If ever a sporting performance could be deemed worthy of £1.65m then surely Lee Westwood provided it in winning both the Dubai World Championship and the Order of Merit yesterday. He arrived in the desert determined to bully his less experienced rivals into submission and managed to do so quite savagely. Westwood barely allowed anyone else a peek of the biggest payday in the history of British golf, including Rory McIlroy, who came with such dreams but left with such a reality check.
The Englishman's final round was the best of the week and probably the European year – a course-record 64. Westwood wore Tiger Woods' Sunday red and gave it Tiger's Sunday best. Westwood began the day two clear and by the time he tapped in on the 18th he had extended his advantage to six. He did not miss a fairway in regulation, he did not miss a green in regulation, in four nerve-free hours.
The 36-year-old credited it as "the best performance of my career". By the side of the green his friend Andrew Flintoff was leading the applause and Westwood honoured the Ashes hero by arching his back, spreading his arms and throwing his back to look to the heavens – Lord's-style. "I thought Freddie would laugh at that," grinned Westwood. In truth, everybody laughed at it. Perhaps everybody except a shellshocked McIlroy.
The 20-year-old – who held a £115,000 lead before this season-ender – was the chief victim of the Westwood game plan, formulated by his caddie, Billy Foster. "He told me at the beach party on Tuesday evening I'd been paying too much attention to the other players," said Westwood. "He told me you've won more tournaments than the other three guys [McIlroy, Ross Fisher and Martin Kaymer] trying to win the money list put together.
"He told me, 'You've been out here 16 years and that's longer than the three of them put together'. Although it's a terrible word to use he told me, 'You've got to bully them off the golf course'. I felt I did that. It was a massive feather in my cap the first day when Rory said he was glad to get away from me. There's nothing worse for Rory to say and nothing better for me to hear than a competitor to say they're glad they're not playing with me."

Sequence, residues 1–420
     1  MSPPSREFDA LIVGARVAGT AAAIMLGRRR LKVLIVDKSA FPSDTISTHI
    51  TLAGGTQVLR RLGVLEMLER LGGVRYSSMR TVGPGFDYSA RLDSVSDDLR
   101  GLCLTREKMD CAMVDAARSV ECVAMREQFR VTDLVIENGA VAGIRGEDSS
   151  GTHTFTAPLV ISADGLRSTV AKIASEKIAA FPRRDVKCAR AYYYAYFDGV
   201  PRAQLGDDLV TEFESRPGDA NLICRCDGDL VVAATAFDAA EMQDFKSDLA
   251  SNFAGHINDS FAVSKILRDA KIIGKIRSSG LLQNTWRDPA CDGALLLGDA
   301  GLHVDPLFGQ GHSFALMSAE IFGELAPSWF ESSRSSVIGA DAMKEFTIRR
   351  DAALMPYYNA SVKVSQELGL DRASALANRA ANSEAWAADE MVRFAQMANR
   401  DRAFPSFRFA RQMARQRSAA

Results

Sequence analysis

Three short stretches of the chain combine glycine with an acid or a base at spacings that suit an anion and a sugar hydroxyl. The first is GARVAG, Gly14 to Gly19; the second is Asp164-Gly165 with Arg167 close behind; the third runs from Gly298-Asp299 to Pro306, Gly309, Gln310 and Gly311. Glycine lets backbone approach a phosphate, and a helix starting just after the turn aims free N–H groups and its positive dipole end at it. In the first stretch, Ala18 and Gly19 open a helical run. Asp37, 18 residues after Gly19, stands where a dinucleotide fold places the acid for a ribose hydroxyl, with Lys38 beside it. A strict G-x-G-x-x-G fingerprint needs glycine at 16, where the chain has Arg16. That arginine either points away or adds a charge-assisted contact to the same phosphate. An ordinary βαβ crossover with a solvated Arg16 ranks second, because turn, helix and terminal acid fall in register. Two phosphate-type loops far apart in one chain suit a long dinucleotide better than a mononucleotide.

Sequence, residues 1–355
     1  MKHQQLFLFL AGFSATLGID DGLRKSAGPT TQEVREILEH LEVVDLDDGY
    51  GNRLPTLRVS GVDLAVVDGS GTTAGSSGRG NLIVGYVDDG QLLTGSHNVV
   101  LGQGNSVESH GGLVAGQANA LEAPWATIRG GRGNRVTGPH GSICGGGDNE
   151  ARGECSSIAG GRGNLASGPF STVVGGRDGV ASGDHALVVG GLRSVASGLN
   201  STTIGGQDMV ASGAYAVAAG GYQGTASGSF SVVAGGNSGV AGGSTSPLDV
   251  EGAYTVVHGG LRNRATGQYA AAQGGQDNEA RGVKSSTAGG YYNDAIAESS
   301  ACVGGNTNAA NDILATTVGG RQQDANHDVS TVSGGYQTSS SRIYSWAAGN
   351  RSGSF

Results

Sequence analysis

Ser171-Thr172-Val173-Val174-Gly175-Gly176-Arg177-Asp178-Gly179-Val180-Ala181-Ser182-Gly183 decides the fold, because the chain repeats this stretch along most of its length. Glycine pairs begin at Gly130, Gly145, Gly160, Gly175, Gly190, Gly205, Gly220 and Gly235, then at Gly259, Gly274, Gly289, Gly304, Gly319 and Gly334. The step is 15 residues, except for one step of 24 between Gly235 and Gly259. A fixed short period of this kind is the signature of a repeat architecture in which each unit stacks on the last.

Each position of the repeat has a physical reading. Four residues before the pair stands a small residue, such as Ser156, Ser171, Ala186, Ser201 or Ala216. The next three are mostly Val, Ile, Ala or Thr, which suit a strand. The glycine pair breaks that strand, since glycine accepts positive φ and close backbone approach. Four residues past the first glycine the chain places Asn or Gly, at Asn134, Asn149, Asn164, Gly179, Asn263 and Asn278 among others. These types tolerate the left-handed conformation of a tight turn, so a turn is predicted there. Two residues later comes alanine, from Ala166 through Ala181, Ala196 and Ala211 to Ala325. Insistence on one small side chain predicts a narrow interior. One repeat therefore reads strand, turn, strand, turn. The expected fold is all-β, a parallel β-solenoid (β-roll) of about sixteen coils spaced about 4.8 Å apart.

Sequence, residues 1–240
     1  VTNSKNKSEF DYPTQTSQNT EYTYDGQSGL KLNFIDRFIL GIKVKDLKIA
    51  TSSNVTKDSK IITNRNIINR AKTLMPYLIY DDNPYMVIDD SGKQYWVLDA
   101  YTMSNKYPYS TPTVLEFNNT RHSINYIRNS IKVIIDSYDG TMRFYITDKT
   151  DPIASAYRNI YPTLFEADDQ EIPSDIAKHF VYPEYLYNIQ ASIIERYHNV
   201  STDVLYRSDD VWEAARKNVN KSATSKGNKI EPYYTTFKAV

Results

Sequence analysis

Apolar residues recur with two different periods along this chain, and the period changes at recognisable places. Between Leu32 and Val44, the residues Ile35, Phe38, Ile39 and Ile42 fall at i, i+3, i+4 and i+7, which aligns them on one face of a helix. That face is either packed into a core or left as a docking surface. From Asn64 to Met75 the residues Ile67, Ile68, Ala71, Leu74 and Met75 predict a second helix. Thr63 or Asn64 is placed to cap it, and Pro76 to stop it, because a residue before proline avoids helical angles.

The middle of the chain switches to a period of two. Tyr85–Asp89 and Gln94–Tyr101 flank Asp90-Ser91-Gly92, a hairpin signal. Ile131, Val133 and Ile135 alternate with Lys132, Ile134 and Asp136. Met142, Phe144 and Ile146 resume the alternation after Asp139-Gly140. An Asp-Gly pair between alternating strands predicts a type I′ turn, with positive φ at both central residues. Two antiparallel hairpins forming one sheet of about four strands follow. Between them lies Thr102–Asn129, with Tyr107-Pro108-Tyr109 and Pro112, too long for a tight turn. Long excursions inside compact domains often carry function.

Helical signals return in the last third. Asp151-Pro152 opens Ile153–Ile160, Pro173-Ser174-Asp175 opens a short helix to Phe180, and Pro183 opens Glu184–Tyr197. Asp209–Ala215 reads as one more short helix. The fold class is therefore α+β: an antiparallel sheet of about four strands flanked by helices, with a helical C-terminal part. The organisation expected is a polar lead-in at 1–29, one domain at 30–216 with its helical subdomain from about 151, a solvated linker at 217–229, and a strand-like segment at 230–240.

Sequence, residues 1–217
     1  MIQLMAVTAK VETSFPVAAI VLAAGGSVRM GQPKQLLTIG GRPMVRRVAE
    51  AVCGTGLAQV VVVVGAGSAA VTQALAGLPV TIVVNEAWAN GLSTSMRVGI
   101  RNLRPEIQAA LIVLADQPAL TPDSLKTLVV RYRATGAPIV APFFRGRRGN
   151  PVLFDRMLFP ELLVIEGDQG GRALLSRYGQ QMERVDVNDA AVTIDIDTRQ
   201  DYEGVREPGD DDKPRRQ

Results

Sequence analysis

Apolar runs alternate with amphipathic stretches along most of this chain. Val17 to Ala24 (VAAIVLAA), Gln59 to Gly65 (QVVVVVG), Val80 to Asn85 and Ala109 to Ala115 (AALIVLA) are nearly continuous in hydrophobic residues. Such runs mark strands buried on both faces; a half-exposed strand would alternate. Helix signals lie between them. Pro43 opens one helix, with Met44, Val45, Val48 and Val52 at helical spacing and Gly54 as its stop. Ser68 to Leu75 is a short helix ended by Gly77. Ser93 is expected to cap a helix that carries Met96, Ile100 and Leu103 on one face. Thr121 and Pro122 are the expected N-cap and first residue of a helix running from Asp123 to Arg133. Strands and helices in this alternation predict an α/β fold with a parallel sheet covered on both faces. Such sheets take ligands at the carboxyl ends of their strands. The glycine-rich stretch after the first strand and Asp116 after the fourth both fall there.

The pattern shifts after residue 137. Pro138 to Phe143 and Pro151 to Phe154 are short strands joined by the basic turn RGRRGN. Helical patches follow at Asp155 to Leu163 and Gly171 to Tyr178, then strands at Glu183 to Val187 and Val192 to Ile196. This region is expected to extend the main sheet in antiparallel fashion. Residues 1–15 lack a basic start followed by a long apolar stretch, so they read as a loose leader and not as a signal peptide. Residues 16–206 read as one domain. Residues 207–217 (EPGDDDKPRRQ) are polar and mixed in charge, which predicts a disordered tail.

Westwood's words might have been cruel, but as he put it, "Rory will learn from this". He then added with trademark dryness: "He's 20, is a millionaire already, hits it miles, has a nice-looking girlfriend, drives a Lamborghini – yeah, it's hard isn't it?" As it was, the Ulsterman's display was far from gutless, his 67 leapfrogging him into third place. There was one unsavoury moment when McIlroy took out his frustrations on an advertising hoarding on the seventh, hitting it with his wedge so hard it emerged on the other side. Maybe, he could be excused that as he watched his ambition of becoming the second-youngest winner of the Order of Merit going up in woodchip.
Another Englishman, Ross McGowan, split the two protagonists with an impressive 68 which more than doubled his earnings for the season to £1.4m. It is a shame more will not be made of McGowan's feat, because in Westwood's words, the largely unknown 27-year-old "played incredibly". But there we are. Westwood's day in the sun put everyone in the shade. And nobody was to begrudge it. "Lee deserves it, he's been in a different class here," said a clearly disconsolate McIlroy. "He's been through the highs and then the lows and now's back in the world's top five."
Westwood, himself, talked of the dramatic slump he suffered in 2002, two years after his first Order of Merit win, when he fell out of the world's top 250 – "I've been through a lot. I know what it feels like to play poorly week after week." But it was a more recent distress which played out in his mind as he led down the stretch. "After Turnberry in July I was as disappointed as I've ever been in my career," said Westwood, thinking back to the final-hole bogey which denied him a place in the play-off. "The Open is the most important tournament to me and it felt like, and still does, a championship I should have won.
"But I tried to draw confidence from it and be ready for the next time. Today felt like similar pressure and I tried to react differently to how I did at Turnberry. I had nothing but positive thoughts out there."
His score of 23 under exceeded the expectations of the course designer, Greg Norman, who predicted a winning number of 18 under. Not too shabby, considering the wind blew on Friday and Saturday. Westwood did not record a single bogey all weekend. It was Tigeresque, in both its execution and its mood. The comparison was not lost on the new world No 4. "If that's how Tiger feels every week I'd love to be him, yeah," said Westwood. Can he dare to aim so high? "Anything is attainable, but overhauling Tiger at No 1 would obviously be unbelievably difficult," admitted Westwood. "But I think second is definitely attainable."
All he needs is a major and on this showing that prospect must be described as probable rather than possible. Westwood was the quality of champion which the Dubai World Championship craved. A player whose peerless play at least made the winning of £3.8m in a single European season seem less absurd than it should.
Winning on Merit: Final standings
*End of season European Tour "Race to Dubai" money list:
1 (3) Lee Westwood (Eng) £3,776,702
2 (36) Rory McIlroy (NIrl) £3,217,257
3 (8) Martin Kaymer (Ger) £2,552,707
4 (6) Ross Fisher (Eng) £2,255,795
5 (21) Paul Casey (Eng) £2,105,863
6 (-) Geoff Ogilvy (Aus) £1,963,152
7 (11) Oliver Wilson (Eng) £1,791,457
8 (55) Simon Dyson (Eng) £1,611,072
9 (19) Ian Poulter (Eng) £1,580,519
10 (9) Sergio Garcia (Sp) £1,480,097
(Last season's positions in brackets)